Xinhua, quoting unidentified investigators, alleged that Gu and Zhang poisoned Heywood after Gu and Heywood had a business conflict that also involved her son. The report said Gu believed Heywood was threatening her son.
“The facts of the two defendants’ crime are clear, and the evidence is irrefutable and substantial,” the Xinhua report said. “Therefore, the two defendants should be charged with intentional homicide.”
There was no mention by Xinhua of the fate of Bo, who was considered a high flier in the Communist Party hierarchy until his abrupt dismissal as party boss of the city of Chongqing in March. Neither Bo nor his wife has been seen publicly in recent months.
Bo, once seemingly destined for a promotion to the powerful Politburo Standing Committee, apparently has been rendered persona non grata by his potential involvement in the murder case. The saga — unfolding as the Communist Party prepares for a once-in-a-decade leadership transition — has upended China’s careful political choreography and has exposed infighting and rifts within the ruling party’s top ranks.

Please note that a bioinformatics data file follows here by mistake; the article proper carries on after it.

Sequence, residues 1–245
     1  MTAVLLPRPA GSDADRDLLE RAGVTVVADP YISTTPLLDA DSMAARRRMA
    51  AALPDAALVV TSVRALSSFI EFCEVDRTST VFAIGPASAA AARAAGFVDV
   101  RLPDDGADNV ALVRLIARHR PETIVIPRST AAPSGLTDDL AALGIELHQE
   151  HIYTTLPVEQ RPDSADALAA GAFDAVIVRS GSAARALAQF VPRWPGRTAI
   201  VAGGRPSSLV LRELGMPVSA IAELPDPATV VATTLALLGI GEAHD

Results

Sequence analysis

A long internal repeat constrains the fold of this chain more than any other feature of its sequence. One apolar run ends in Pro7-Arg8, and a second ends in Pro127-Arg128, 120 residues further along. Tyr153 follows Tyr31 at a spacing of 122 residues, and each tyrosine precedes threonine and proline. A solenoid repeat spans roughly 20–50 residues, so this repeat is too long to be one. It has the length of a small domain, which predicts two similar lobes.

Xinhua said the court in Hefei “will hold a trial on a day to be decided.” Based on Chinese practice, it is likely to be soon. There was no explanation as to why Anhui province was selected for the prosecution, because the alleged crime took place in Chongqing. But politically sensitive cases are often moved to distant locations.
The son allegedly at the center of the scandal is not named in the report but is believed to be Bo Guagua, a recent graduate of Harvard University’s Kennedy School of Government. He is believed to be in the United States.
“Worrying about Neil Heywood’s threat to her son’s personal security, Bogu Kailai along with Zhang Xiaojun, the other defendant, poisoned Neil Heywood to death,” Xinhua alleged. (Since the beginning of the case, official announcements have referred to Gu Kailai by the surname “Bogu,” combining Bo’s name with her maiden name, Gu. The practice is not common in China but is sometimes used by Chinese abroad.)
Despite a wall of silence surrounding the case, senior Chinese officials speaking to diplomats, visiting academics and others have hinted that they wanted it settled before the opening this fall of the 18th Party Congress, which will select a new president and prime minister and fill seven vacant slots on the Politburo Standing Committee, which effectively runs the country.